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Rug Rats 101

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I watched a toddler ponder the recliner before her. Obviously still new to the walking game, she noticed that the chair was far enough from the wall that she could walk around it. Circumnavigation runs deep in the human psyche.

She proceeded to make her way—teetering but methodical—until she circled the chair. She admired her accomplishment for a moment, then took off for a brightly colored toy in the middle of the playroom. She could cross “walk around the big blue chair” off her Baby Bucket List.

I am very fond of my five grand nephews and nieces who live in a shoe (they are kind of like a live fairy tale for me) in Connecticut. I’ve watched them all grow since infancy. (There are 7-year-old triplets sandwiched between a 10- and 4-year old.) The energy is indescribable and relentless. Visits are like stepping inside a nuclear chain reaction. When we leave after a long weekend, the ringing in our ears doesn’t stop until long after we cross the George Washington Bridge, at which point I’ve sworn again to wear a protective cup during the next visit.

But watching these five on the rare occasions when I’m not the punch-toy of the day, I’ve learned something about young brains: What we call play is not play to children. It’s work, little kid work that has purpose, structure and goals and that provides a sense of achievement.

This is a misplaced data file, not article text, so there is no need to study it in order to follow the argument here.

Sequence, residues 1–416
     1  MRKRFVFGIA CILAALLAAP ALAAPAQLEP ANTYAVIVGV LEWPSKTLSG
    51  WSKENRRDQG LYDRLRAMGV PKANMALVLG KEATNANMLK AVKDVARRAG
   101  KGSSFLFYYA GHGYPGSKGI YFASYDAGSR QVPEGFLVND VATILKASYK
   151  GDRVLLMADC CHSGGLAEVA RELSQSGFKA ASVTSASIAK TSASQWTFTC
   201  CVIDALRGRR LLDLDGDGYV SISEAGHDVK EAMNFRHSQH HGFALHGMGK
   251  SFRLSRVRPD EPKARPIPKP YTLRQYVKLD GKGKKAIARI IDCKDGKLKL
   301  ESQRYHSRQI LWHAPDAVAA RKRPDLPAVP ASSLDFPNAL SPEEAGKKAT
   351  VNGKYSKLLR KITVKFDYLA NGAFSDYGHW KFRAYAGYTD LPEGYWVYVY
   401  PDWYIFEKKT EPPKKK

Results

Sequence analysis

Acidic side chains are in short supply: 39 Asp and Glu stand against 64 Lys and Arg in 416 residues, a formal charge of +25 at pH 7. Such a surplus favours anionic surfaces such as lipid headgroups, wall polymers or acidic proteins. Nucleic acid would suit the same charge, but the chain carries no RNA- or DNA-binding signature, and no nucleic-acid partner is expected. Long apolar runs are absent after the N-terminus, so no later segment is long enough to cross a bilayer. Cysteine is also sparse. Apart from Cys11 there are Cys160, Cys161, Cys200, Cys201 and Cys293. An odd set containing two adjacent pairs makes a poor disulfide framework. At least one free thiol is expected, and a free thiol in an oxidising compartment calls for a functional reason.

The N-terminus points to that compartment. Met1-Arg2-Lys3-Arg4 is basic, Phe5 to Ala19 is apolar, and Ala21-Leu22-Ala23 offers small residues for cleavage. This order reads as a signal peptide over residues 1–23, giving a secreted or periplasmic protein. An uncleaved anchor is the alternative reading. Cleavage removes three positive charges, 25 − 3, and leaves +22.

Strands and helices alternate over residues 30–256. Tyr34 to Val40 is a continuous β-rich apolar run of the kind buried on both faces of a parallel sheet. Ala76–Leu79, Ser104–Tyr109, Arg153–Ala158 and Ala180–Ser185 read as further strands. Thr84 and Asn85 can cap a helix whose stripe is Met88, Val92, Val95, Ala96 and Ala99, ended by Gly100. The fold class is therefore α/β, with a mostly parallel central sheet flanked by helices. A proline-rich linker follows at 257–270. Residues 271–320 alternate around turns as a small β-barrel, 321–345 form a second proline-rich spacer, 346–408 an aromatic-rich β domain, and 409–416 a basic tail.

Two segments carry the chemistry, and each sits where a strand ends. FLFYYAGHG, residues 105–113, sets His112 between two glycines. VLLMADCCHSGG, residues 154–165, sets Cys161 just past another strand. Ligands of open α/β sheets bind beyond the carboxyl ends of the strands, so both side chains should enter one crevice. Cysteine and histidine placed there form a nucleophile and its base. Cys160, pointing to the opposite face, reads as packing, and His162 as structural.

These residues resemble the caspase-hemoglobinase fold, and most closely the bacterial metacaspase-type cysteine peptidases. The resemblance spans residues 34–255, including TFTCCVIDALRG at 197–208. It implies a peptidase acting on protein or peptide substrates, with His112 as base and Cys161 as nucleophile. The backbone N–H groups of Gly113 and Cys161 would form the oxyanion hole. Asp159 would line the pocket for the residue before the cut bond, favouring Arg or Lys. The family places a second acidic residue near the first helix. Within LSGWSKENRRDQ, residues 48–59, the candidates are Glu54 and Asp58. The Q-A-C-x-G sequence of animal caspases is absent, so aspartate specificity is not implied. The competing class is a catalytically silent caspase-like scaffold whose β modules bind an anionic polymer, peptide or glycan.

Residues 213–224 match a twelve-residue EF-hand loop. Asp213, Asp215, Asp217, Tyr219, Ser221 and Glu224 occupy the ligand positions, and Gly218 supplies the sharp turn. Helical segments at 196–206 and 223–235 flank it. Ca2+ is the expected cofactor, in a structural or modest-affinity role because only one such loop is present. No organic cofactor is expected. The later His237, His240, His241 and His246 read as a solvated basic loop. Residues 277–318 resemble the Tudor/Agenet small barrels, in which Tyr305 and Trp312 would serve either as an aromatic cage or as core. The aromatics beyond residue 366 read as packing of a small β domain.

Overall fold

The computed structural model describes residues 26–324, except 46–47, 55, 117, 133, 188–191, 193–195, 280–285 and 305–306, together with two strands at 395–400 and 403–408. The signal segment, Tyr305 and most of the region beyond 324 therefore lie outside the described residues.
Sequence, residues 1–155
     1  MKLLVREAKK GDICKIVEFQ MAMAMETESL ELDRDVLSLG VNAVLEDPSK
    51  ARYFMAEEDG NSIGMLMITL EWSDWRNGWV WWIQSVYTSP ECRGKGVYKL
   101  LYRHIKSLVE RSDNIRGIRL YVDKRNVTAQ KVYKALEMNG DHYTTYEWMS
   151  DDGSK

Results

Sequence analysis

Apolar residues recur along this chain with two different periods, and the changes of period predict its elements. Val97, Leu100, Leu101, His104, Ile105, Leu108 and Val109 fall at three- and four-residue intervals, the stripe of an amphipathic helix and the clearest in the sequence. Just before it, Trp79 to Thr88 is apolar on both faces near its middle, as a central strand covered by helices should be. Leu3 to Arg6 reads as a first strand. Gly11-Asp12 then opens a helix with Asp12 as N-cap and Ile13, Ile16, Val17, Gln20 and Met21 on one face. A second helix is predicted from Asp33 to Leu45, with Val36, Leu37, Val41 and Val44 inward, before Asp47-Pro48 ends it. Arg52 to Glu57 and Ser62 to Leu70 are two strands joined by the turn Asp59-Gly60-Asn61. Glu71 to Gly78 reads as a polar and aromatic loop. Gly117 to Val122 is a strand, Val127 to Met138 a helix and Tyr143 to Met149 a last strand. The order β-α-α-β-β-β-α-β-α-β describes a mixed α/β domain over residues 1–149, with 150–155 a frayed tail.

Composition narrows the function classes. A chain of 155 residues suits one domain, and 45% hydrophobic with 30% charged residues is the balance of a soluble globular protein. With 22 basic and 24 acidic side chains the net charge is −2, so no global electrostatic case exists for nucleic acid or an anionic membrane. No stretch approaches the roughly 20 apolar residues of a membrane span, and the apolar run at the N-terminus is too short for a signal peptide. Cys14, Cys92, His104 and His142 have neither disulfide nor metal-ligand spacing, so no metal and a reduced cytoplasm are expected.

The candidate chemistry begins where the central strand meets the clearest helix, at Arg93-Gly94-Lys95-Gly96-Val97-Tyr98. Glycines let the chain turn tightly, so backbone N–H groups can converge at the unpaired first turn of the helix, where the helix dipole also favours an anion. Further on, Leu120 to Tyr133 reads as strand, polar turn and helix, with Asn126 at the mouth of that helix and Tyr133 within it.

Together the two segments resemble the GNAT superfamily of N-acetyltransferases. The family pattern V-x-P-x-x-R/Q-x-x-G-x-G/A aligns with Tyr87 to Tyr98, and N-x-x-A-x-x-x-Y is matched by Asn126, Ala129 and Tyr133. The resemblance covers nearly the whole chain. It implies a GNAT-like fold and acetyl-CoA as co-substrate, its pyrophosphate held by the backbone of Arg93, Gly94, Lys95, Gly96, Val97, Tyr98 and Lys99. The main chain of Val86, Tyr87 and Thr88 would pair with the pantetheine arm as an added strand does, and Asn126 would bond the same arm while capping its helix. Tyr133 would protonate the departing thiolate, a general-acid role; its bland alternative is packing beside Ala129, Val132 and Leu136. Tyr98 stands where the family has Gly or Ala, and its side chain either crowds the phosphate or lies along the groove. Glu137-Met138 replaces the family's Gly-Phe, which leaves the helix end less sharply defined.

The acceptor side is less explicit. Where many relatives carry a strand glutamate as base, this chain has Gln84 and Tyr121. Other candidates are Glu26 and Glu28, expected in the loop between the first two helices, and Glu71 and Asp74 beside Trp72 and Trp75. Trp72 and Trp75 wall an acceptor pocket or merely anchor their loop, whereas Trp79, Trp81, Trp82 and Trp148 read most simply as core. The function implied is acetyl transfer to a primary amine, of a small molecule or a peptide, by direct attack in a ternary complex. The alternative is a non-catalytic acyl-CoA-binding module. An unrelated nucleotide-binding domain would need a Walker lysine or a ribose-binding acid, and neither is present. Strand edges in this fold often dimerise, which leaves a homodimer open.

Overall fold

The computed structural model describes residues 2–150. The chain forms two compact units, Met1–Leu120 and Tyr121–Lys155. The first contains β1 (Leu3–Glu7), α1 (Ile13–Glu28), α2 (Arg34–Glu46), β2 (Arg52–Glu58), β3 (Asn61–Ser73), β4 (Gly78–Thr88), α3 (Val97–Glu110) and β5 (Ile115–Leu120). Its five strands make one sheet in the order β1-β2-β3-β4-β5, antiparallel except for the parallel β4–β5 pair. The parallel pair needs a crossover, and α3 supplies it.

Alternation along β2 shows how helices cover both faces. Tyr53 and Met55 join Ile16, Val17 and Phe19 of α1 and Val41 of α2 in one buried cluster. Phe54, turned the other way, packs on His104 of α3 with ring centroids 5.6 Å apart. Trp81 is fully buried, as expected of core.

You can see it in the intensity of their eyes, that focus on getting whatever it is that needs to be done, done right (though you’re clueless about the goal). A child brooks no interruption. He stays focused until the object is gained. Then, of course, he must show it to you as a formal record of achievement. Most significant, children, brimming with enthusiasm and confidence, approach all such work voluntarily. Somewhere along the line we working adults have lost the childhood secret to loving your work.

Of course, there is a kid version of play to go along with all the serious work. In the case of the Five Stooges, that generally consists of hurling themselves into various areas of my anatomy. (Hence the vow to come equipped with a cup next visit.)

I’ve noticed something else about the kid brain: the tendency to fixate on the most insignificant minutiae—say a box of packing popcorn—followed by sudden outbursts of sheer joy or rage. Add the unsteadiness of learning to walk and the uncontrolled laughter over nothing in particular, and you get a perfect example of a brain that is drunk. This is why you don’t give alcohol to young children. They’ve already had enough, and they’ve produced it naturally, without the risk of hangover. (Incidentally, it’s also why you don’t let babies and young children drive or operate a motor vehicle.)

Babies are drunk on life, and somewhere along the line we adults have lost our way in that regard as well.

We parents think it’s our duty to teach our children well. It’s actually the other way around. From infancy through childhood, kids can teach us a great deal about keeping the bucket list simple, turning work into play, and getting plastered on life without Captain Morgan and Coke.

And then for fun, we can learn to run headlong into each other for no reason at all. Try it at work and see for yourself.

Reid Champagne’s wife says this column “really explains a lot.”

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